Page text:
‘Impaired is impaired is impaired,’ whether it’s alcohol or marijuana, Massachusetts official says

In a public awareness campaign on impaired driving, Massachusetts public safety officials sought to equate operating a motor vehicle under the influence of marijuana with doing so under the influence of alcohol.

“It’s the same,” State Police Major Richard Ball said.

“You’re a danger to yourself and others and that’s what we’re trying to combat here,” he added, pointing to the possibility of someone who’s consumed marijuana having slower motor skills and experiencing changed depth perception as they get behind the wheel of a 2,000-pound vehicle.

The public awareness campaign comes as the Massachusetts Cannabis Control Commission sifts through applications and paperwork for retail marijuana licenses. Home-growing and gifting of marijuana for adults over the age of 21 has been legal since December 2016, and medical marijuana dispensaries have been open since June 2015.

The campaign’s 30-second ad will air on TV and online.

The campaign promotes alternative modes of transportation, including the MBTA, taxis and ride-hailing apps like Uber and Lyft.

Don’t drive stoned, and instead take the MBTA or use a ride-hailing app like Lyft or Uber, Massachusetts officials say

Sira Naturals CEO Michael Dundas stood with Massachusetts public safety and law enforcement officials, who are launching their own related campaign, and urged responsible usage of marijuana.

At a press conference announcing the campaign, Jennifer Queally, undersecretary for law enforcement within Gov. Charlie Baker’s public safety secretariat, reiterated the dangers of drugged driving. Earlier, she pointed to numbers saying that an average of 125 drunk or high drivers die annually in Massachusetts.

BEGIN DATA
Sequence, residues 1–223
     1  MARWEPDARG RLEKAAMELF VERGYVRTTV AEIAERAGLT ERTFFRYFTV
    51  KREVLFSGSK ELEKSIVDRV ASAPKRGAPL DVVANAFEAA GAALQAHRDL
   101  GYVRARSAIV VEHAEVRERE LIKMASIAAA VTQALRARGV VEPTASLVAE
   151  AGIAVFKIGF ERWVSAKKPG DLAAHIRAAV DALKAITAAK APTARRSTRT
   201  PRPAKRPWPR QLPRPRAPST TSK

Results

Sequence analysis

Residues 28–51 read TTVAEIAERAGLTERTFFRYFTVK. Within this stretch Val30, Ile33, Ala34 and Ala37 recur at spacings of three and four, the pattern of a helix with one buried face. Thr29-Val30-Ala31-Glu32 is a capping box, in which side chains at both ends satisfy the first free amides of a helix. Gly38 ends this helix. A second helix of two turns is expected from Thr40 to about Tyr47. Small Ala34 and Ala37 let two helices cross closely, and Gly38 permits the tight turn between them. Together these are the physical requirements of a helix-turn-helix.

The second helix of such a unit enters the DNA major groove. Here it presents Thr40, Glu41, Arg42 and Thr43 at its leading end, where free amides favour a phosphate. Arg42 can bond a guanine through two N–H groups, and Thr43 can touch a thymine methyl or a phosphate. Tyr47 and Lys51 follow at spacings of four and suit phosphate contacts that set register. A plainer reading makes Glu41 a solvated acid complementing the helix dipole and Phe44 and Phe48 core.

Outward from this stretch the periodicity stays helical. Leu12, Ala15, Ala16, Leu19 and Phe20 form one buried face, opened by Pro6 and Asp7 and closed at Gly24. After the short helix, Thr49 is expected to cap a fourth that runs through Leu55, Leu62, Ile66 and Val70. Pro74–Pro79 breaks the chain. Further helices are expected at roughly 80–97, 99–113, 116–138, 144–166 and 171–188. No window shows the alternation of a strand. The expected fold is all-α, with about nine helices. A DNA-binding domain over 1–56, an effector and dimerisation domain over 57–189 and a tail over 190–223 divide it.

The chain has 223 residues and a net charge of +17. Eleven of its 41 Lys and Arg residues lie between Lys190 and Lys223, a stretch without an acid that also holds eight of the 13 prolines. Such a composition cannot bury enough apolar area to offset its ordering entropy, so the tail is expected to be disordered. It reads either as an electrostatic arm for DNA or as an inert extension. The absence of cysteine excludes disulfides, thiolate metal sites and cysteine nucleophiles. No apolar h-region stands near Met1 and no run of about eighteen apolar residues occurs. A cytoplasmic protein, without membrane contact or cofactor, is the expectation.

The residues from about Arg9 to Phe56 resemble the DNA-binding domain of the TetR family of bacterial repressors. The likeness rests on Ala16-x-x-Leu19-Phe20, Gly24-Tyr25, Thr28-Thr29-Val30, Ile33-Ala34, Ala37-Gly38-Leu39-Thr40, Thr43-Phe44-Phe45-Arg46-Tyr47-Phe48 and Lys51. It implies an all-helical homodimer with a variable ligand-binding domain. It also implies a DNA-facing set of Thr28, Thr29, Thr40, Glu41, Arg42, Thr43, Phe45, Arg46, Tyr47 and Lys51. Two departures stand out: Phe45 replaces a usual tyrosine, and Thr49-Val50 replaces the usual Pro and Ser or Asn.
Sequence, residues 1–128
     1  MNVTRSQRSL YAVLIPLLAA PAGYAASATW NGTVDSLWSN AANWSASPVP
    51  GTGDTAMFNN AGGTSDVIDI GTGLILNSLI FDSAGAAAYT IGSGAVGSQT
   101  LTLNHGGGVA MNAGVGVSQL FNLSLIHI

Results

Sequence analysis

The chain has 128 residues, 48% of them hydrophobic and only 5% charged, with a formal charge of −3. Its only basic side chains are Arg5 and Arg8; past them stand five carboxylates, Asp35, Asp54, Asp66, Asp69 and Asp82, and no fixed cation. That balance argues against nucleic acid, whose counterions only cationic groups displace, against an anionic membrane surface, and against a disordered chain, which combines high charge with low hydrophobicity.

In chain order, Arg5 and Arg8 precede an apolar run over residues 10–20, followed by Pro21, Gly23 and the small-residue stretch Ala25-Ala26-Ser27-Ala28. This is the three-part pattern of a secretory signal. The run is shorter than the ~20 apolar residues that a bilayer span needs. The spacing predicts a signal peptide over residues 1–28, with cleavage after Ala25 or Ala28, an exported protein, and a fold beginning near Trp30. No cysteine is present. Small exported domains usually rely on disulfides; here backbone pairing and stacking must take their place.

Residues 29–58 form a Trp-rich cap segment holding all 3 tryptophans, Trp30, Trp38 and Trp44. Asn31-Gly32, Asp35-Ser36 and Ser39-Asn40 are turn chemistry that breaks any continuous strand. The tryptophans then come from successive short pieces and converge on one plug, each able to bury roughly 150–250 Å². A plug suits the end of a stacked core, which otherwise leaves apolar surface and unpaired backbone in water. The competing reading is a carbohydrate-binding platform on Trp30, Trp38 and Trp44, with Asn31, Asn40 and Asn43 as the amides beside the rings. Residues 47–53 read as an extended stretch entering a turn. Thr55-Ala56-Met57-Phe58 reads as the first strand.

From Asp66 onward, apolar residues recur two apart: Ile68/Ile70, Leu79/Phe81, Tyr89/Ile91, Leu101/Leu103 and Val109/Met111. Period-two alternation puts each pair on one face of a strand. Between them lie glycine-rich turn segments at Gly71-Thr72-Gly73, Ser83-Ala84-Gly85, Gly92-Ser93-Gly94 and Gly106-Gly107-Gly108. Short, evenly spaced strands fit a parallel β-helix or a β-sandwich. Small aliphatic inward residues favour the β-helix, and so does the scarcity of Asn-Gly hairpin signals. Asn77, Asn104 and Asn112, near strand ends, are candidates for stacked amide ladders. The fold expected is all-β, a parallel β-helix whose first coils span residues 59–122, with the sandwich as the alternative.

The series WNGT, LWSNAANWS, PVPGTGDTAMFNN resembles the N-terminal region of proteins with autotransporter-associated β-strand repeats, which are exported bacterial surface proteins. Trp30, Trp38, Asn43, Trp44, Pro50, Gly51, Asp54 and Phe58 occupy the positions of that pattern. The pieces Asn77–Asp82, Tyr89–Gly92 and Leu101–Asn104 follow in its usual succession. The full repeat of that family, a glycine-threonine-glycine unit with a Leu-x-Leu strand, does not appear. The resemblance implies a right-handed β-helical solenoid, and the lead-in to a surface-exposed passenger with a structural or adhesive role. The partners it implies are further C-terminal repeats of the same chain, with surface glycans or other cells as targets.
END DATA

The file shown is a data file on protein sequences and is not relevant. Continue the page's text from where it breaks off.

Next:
“I just want everyone to recognize that impaired is impaired is impaired, okay? Regardless of whether it’s alcohol, marijuana, prescription drugs, other legal drugs, if you are impaired and you drive a car, it is illegal, it’s dangerous and it’s deadly, okay?” she said.

“So the effects you might feel may be different, whether you’re high or whether you’re drunk, but the impairment is no different and the law doesn’t look at it any differently,” Queally said.

Jim Borghesani, chief operating officer for Tudestr, a cannabis consulting company, called impaired driving “unacceptable, period.”

He added that it’s also “unacceptable” for state law enforcement officials for using statistics that don’t differentiate between impairment and the presence of marijuana in somebody’s system, which can last for weeks.

“True to their pattern, the Baker administration puts fear first, alarmism second and leadership third,” said Borghesani, who also sparred with Baker officials when he the spokesman for the ballot campaign legalizing marijuana in 2016.

“Massachusetts voters and drivers deserve a more deliberative approach in order to give the issue the intelligent, factual discussion it deserves,” he said in an email.

Jennifer Flanagan, a member of the Cannabis Control Commission, said consumers are responsible for understanding the effect of marijuana and alcohol on their bodies. Technology also hasn’t caught up with marijuana legalization, so something like the Breathalyzer, deployed in alleged drunk driving cases, is unavailable in drugged driving cases.